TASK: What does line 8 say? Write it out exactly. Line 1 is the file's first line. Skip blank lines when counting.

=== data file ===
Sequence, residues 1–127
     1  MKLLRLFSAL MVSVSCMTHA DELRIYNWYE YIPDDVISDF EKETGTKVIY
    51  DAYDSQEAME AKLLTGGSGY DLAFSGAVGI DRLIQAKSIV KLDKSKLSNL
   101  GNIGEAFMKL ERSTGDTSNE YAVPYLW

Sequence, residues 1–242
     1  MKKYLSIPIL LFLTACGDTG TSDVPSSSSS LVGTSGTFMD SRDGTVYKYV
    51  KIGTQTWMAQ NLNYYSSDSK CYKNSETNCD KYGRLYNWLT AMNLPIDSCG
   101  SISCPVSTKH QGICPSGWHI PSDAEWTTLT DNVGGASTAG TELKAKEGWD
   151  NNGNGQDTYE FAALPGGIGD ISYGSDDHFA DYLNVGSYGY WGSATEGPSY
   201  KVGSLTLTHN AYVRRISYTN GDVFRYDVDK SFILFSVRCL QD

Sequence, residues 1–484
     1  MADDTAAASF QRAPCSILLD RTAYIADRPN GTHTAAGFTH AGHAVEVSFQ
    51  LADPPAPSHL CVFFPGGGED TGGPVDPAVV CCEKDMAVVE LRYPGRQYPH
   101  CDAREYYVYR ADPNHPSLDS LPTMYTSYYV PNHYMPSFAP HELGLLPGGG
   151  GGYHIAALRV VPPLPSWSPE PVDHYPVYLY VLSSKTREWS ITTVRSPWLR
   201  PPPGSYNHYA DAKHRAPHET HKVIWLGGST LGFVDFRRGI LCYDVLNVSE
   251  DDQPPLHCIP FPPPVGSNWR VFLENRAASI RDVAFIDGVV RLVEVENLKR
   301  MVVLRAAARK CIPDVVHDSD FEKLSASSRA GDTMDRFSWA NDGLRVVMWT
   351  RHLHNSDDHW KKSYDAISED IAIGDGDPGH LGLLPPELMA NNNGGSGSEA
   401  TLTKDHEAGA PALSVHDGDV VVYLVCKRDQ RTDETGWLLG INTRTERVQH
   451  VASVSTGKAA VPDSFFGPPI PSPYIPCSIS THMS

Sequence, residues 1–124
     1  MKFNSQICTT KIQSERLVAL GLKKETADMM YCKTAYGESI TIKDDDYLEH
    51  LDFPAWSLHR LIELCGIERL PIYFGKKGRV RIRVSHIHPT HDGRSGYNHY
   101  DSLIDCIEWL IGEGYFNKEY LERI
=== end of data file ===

   101  SISCPVSTKH QGICPSGWHI PSDAEWTTLT DNVGGASTAG TELKAKEGWD